Doctor Who - The Eleventh Doctor Adventures - Vol 6: The Malignant TruthBookmark and Share

Wednesday, 6 December 2017 - Reviewed by Damian Christie


Written by Si Spurrier & Rob Williams
Illustrated by Simon Fraser, INJ Culbard,
Gary Caldwell & Marcio Menys
Titan Books, 2016
HB ISBN: 9781785857300
SB ISBN: 9781785860935


Previously ...

The Squire is dead. Alice Obiefune is lost in the Time War, having piloted the Master's wounded
TARDIS back through the Time Lock. River Song's life hangs in the balance. And infamous Dalek Killer and bounty hunter Abslom Daak is almost certainly going to kill the Doctor for letting Alice go.
Now it's time for the Time War to give up its answers.
How was the Malignant created? Who killed the Overcaste? What great crime was the Doctor
responsible for? But will they be the answers that Alice - and the Doctor - want to hear?


The Malignant Truth is the concluding book which collects issues 11 through 15 of Titan Comics'
Second-year story arc for the Eleventh Doctor (as formerly played on TV by Matt Smith). The Doctor
has been blamed for killing the gods - or at least hyper-dimensional beings worshipped as gods - of
an entire species during the chaos of the Time War. It's a "crime" the Doctor doesn't even recall but
that's no excuse for the godless Overcaste who send bounty hunters after the Doctor, Alice and the
TARDIS, including an anomalous being known only as the Then and Now and notorious Dalek Killer
Abslom Daak.
With an extended TARDIS crew in tow - comprising an unwilling Daak (whose dead, trophy wife
Taiyin is being held hostage within the bowels of the Doctor's erratic time machine), a mysterious
elderly woman who claims she was the Doctor's squire in the Time War, River Song (who has yet
again escaped the sanctity of the Stormcage), and an Alice plagued by a string of "future memories"
of the Time War - the Eleventh Doctor establishes that he, and not the Master, may indeed have
committed the atrocity of which he is accused. This prompts Alice to steal the Master's TARDIS in a
desperate bid to break through the Time Lock and seek to prove the Doctor's innocence or stop his
wartime incarnation from committing a heinous crime.
By far the most interesting aspect of this storyline is the comic's interpretation of the Time War. The
war itself was glimpsed only briefly on TV (The Day of the Doctor) but has been portrayed in Big
Finish's War Doctor saga, in prose such as George Mann's Engines of War, and in Titan's own Four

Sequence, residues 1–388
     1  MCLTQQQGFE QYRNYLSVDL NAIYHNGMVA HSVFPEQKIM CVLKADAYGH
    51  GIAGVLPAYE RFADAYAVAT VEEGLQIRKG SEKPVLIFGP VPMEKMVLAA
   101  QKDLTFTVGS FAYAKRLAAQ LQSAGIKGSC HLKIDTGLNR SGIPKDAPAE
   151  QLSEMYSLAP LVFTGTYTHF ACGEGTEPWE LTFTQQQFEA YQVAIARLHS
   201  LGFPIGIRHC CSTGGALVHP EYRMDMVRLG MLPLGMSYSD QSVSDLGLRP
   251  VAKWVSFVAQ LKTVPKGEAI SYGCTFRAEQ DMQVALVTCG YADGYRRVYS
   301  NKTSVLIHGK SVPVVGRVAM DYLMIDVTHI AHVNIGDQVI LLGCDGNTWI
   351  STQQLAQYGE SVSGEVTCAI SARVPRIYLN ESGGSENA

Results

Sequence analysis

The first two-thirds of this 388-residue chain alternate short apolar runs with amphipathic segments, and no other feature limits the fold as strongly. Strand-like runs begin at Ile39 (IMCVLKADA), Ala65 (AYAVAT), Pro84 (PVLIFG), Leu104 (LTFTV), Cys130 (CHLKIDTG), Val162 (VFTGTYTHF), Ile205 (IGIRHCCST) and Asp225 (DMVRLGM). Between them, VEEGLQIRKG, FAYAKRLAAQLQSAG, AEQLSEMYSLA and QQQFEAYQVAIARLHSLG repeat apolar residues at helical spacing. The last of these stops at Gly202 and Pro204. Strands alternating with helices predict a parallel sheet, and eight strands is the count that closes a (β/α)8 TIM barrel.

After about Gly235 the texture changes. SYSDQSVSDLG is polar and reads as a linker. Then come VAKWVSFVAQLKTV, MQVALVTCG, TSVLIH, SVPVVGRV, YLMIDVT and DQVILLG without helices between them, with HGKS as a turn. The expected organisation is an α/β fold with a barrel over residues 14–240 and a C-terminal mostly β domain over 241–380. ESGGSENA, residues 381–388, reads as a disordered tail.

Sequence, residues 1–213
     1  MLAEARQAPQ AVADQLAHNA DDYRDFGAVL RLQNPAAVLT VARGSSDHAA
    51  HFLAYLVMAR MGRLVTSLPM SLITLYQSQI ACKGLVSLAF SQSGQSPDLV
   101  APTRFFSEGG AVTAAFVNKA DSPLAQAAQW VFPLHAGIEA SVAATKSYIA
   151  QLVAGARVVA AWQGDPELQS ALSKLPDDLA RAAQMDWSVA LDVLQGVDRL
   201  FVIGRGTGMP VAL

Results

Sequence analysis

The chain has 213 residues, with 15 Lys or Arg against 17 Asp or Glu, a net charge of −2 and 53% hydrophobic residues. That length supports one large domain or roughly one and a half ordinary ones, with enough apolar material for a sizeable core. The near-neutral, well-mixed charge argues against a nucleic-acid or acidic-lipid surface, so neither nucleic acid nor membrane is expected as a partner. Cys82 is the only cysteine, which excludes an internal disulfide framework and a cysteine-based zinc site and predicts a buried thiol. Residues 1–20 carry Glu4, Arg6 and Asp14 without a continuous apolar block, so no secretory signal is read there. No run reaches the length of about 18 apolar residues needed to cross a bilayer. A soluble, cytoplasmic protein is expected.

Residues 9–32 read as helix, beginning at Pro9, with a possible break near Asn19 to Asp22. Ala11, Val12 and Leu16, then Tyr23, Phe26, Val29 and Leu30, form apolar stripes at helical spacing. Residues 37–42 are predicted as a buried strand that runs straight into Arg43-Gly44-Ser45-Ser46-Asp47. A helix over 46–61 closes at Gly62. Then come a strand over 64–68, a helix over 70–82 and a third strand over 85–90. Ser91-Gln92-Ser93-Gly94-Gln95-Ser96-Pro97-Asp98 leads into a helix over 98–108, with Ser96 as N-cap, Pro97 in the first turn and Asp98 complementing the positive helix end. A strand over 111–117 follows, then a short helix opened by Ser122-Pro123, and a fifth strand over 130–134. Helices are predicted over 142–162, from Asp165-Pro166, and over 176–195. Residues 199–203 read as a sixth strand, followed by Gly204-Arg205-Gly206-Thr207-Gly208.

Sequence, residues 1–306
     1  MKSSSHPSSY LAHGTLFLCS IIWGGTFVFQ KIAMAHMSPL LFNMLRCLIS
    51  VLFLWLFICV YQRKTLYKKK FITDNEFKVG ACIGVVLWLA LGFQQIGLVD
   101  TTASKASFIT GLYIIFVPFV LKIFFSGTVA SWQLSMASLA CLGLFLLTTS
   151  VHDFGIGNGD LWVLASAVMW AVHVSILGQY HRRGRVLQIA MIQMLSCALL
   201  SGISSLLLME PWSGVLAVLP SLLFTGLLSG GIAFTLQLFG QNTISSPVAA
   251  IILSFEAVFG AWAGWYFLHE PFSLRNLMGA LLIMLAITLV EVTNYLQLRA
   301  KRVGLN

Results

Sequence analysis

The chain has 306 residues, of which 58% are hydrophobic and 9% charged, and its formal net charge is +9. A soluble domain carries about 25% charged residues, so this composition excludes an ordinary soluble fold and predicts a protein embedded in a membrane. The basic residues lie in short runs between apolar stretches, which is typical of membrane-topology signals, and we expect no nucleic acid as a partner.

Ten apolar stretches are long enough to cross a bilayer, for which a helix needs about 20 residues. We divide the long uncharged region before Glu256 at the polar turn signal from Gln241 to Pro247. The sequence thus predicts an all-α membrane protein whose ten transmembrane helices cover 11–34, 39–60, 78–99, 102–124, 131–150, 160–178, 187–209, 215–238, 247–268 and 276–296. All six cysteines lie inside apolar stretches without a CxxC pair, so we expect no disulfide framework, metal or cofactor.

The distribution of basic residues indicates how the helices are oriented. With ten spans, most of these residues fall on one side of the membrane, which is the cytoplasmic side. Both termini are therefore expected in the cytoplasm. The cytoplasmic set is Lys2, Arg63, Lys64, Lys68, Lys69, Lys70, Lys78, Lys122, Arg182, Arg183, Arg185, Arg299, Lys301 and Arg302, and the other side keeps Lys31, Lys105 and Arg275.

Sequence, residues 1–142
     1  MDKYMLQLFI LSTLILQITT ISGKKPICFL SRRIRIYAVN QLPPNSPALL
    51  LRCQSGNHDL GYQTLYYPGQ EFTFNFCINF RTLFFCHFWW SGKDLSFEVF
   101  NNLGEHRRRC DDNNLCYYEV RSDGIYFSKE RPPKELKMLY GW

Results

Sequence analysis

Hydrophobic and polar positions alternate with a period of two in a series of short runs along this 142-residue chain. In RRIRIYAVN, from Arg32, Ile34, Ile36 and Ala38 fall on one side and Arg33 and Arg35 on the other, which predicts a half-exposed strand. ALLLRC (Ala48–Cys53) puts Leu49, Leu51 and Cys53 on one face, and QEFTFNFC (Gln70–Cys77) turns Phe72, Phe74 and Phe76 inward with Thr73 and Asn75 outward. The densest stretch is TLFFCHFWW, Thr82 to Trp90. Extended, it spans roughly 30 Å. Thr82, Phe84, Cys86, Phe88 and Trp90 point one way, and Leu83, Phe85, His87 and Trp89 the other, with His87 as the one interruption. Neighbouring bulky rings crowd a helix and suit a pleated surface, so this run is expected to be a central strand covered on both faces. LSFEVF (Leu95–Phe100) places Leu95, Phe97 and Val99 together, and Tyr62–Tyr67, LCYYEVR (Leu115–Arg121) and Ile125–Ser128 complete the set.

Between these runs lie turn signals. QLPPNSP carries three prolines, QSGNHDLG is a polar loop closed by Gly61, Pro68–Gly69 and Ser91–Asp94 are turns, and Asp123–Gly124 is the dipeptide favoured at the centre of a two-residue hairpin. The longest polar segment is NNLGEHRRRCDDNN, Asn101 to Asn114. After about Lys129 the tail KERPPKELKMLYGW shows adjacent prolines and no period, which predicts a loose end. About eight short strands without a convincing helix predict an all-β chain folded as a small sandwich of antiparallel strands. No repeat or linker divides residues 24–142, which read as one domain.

Doctors
mini-series in 2015. Alice meets the War Doctor (as portrayed by the late, great Sir John Hurt
on TV), the younger Squire and an unexpected, dare I say "impish", version of the Master that will
astonish many readers (but could plausibly tie into Professor Yana's origins back in the 2007 episode
Utopia). A few other tropes from the Time War are also adopted within the story, including the
application of a Gallifreyan Psilent song box, another weapon from the Time Lords' arsenal, which is
very reminiscent in shape and size to the infamous Moment of The Day of the Doctor.
Alice also becomes a prisoner of the Volatix Cabal, a hitherto unknown faction of the Daleks that was hinted at in the chapter Downtime in Volume 5 (originally issue 8 of the Eleventh Doctor Year Two run) and are revealed in all their infamy here. In the Master's own words at the beginning of this volume, the Volatix Cabal are a "Dalek death cult of abominations, deliberately bred for disorder. Reviled by their own kind, tolerated only for the talent that no pure Dalek could possess. Creativity."
Certainly, in terms of style, the Cabal seemingly combine the concept of "spider Daleks" from the 1990s abortive US TV series with the covert zombified human agents that were glimpsed on TV in Asylum of the Daleks and The Time of the Doctor. But it is the Cabal's eerie, melodramatic and almost poetic dialogue and their proclivity for cannibalising the organic parts of other species (which is anathema to their regular counterparts) that makes this breed of Dalek quite sinister and creepy. Indeed, they encapsulate more of the body horror of the Tenth Planet-style Cybermen than the regular Daleks do.
In addition to the Volatix Cabal, Alice, along with the War Doctor and his colleagues, also encounters the Cyclors, the so-called "gods" of the Overcaste. Intriguingly, these "dimensional nomads" are recruited by the Volatix Cabal in a very similar fashion to the way that the enigmatic beings in Big Finish's War Doctor audio drama The Enigma Dimension are solicited by the regular Daleks.

While visually the Cyclors are well realised in the artwork, conceptually they are a disappointment. There is an implication that like the Enigma of the Big Finish drama, the Cyclors are almost naïve and immature, unskilled in the ways of the plane they are visiting. Yet unlike the Enigma, there also seems to be a malevolence and bloodthirst to the Cyclors (based on the new "sensation" the Volatix Cabal has offered them) that the book's scribes Si Spurrier and Rob Williams don't really elaborate on, aside from a throwaway line. Indeed, any threat they may pose to the War and Eleventh Doctors and their companions has all but vanished by the conclusion of the tale